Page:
Saturday, February 2, 2019

Nurse with a Problem

By Jane Marnay, ©1957

Only her work as a hospital nurse kept Noelle Carlyon from giving way to despair when her sister Leoni married Timothy Yorke—the man Noelle loved. Knowing that Leoni was not in love with Timothy made the position even harder to accept; Noelle could foresee tragedy for her spoilt young sister. Then John Corringway, a brilliant young surgeon, proposed marriage to Noelle, but Noelle, whose emotions were still centred on Timothy, could not accept, for to her there should be no marriage without shared, equal love.  A trip to South Africa gave Noelle time to clear her confused thoughts, but she had yet to play a part in a tragedy before she found true happiness.


“Don’t try out your fatal charm on me. I’m much too hard-boiled.”

I couldn’t help, every time I picked up this book, singing the Elvis Costello song: “I feel like a boy with a problem”—except, of course, with a nurse instead, who here is Noelle Carlyon, and who has multiple problems that must be sorted through. In the first half of the book, her problem is that she’s in love with Dr. Timothy  Yorke—but he’s in love with her sister Leoni, and she’s in love with a married man, in the most nauseating way: She’s abandoned her career as an actress in London to come home and sob into her pillow for days on end—and to agree to marry Timothy to go off to Nigeria with him, even though she doesn’t love him.

Noelle, meanwhile, is sweetly courted by Dr. John Corringway, who takes her out for long conversations and pleasant walks and hot tea. He is smart, funny, kind, considerate, and gently presses his suit in a way that genuinely won my own heart. Noelle, however, does not reciprocate his romantic feelings, and the first hundred pages of the book follow her relentlessly circular debates about whether she should marry a man whom she esteems greatly but does not love. Frankly, it gets more than a little dull.

Eventually Noelle takes a gig as travelling nurse to a rich woman who is going to South Africa to see her daughter, and though the back cover paints this trip as a big turning point, it is really just a blip in the story except that on the boat home Noelle runs into Timothy’s black-sheep brother, Rory, and spends a lot of time hanging out with him. He is by far the most interesting character in the book, a playboy two-bit actor (anyone else see the impending connection?) who romances with lines like, “No girl has a right to be such a bewitching temptation if she doesn’t expect to be kissed.”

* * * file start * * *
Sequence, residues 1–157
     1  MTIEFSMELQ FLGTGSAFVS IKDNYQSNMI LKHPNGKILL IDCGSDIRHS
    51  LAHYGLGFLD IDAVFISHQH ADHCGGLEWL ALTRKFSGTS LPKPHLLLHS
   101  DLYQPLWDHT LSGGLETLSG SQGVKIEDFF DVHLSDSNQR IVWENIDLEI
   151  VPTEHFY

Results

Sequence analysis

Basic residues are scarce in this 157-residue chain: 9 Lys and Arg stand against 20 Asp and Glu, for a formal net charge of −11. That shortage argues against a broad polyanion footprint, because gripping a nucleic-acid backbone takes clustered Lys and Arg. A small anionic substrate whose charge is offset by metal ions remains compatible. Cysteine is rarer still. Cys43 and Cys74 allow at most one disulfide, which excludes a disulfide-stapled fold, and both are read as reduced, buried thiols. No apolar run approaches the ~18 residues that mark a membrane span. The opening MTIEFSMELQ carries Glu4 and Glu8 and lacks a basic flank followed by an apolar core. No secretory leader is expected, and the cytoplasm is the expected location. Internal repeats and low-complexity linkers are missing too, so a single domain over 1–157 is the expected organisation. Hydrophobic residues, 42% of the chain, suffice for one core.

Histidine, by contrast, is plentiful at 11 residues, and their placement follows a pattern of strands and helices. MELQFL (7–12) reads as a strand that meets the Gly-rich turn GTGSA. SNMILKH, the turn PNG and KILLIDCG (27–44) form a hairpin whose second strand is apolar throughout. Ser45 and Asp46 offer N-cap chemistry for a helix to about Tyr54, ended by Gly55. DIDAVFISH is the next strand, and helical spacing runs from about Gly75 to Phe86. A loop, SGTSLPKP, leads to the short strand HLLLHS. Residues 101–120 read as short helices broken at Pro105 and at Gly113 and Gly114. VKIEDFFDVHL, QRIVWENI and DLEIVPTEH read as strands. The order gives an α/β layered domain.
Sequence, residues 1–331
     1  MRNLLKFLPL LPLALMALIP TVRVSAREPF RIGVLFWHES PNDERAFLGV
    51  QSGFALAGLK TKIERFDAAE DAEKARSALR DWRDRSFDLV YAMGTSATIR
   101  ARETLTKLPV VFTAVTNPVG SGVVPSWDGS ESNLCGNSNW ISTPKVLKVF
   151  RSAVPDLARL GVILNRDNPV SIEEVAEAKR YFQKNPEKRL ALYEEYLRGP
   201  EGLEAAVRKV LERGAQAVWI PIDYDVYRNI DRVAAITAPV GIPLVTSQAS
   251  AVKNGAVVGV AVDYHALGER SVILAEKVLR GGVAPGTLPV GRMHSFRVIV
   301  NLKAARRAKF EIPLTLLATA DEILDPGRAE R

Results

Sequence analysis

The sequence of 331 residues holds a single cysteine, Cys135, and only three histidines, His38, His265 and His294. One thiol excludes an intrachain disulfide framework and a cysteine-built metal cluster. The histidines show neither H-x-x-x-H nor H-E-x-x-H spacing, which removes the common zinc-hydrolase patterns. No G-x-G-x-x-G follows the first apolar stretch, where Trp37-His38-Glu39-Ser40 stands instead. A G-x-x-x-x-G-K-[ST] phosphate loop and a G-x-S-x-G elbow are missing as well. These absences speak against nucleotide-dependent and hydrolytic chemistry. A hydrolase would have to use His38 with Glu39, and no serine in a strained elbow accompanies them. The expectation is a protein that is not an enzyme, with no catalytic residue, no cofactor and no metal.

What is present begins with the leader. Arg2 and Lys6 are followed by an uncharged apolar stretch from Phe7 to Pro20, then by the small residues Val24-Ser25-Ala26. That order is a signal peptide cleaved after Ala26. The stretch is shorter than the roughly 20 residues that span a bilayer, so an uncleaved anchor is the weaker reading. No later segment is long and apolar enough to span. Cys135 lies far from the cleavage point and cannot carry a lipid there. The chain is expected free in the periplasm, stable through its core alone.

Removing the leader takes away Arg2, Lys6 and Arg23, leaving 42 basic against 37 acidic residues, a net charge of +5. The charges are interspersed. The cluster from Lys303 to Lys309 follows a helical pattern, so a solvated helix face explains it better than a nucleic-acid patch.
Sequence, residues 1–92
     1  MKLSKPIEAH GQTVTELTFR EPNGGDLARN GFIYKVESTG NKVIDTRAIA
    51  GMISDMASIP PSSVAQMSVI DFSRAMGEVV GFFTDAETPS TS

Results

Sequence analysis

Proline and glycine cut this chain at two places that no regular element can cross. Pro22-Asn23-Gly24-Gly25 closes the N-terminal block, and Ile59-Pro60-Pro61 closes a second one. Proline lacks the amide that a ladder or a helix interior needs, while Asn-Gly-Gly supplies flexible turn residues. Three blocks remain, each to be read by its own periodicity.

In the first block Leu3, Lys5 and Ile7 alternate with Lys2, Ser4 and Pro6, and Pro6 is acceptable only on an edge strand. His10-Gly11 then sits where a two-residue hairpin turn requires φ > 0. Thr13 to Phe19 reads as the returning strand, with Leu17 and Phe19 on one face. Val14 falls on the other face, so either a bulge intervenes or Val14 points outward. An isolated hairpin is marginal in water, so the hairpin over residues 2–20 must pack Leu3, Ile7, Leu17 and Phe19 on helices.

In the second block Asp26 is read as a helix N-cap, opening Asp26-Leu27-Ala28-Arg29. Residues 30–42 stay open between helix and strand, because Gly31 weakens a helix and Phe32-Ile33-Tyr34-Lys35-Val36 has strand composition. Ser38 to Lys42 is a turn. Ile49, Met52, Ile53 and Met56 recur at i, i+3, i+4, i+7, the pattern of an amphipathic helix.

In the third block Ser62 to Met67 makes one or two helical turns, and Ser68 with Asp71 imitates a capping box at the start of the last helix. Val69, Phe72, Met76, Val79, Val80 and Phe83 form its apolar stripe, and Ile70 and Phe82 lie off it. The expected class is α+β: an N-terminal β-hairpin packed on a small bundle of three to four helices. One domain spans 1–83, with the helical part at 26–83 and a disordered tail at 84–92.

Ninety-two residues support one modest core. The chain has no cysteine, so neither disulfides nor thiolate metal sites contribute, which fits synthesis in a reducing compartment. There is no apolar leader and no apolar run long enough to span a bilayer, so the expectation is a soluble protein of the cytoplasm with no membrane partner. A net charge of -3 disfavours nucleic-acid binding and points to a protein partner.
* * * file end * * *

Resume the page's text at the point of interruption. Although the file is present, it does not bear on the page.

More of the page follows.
Back at home, Leoni and Timothy come back early from Nigeria—he’s abandoned his dreams to practice medicine there because Leoni has had a premature baby and has fallen quite to pieces afterward. Timothy asks Noelle to move in with the Yorkes to help tend to Leoni, who plays a wan, vapid wraith—likely she has a bad postpartum depression, but here she just comes across as a bigger baby than her newborn son, Bill. Now, finding out that Rory is back in town after many years away in London (another big hint!), Leoni becomes a wan, vapid wraith who seldom leaves her bedroom or stops crying—and guess what!!!—Rory is the married man that Leoni had an affair with!

Gold-digging Rory continues to hang around the extended family because Noelle’s parents are guardians of her orphaned cousin Judy Temple, who is going to inherit a fortune when she turns 21 in two years, and he plans to marry her money. Noelle wants to out him as a married man—although whether he really is married is not certain—and so save Judy, but Rory threatens to reveal that he’d had an affair with Leoni, a fact that she has never told her clueless but devoted husband, and will even throw in the scandalous lie that little Bill is actually his own child!!! So, torn between her desire to save her sister and her cousin and unable to do both, Noelle is stretched thin with anxiety, and seldom able to see John, who worries that her stress is caused by living alongside a man she’s in love with but can’t have.

The family is saved when a woman in London goes to see the movie Witch of the Veldt and recognizes a bit actor on screen, and her husband chases Rory down at the Yorke residence to reveal that his sister is married to Rory. The cad, fleeing in Timothy’s car at high speeds, surprisingly has a catastrophic car crash, and even more amazingly survives, and even more shocking than that, develops permanent amnesia!!!! His wife turns up with their four-year-old daughter to claim him, though it’s not certain how, with his personality and all other physical abilities intact, he is not going to revert to his bounder ways and give her the slip as soon as the casts come off. John drops by to take Noelle to lunch, and—yet another major plot twist—Noelle’s eyes “seemed filled with misty stars” as she tells him she is in love but not with Timothy, and “what happened for the next ten minutes was entirely personal to Noelle and John!” No bodice-ripper this! 

Curiously, when John asks Noelle why she was all tied up in knots at the Yorke house if it wasn’t over unrequited love, she says, “John, dearest, I can’t tell you,” and that’s the end of it. Further, apparently at no point does Leoni ever learn a valuable lesson and tell Timothy the truth of her premarital adventures with Rory, and never discussed is the fact that Timothy has abandoned his life-long dream of practicing medicine in Africa. The transferal of Noelle’s affections from Timothy to John is not really satisfactory, either, since there is no description of her altering feelings when she is living with the Yorkes, or any of her altering feelings toward John, whom she has seen about once in the second half of the book before the fateful luncheon. Other than these oddities, and the dullness of the first half of the book, this is a fairly good story and reasonably fun to read, but don’t beat yourself up if you never get to it.

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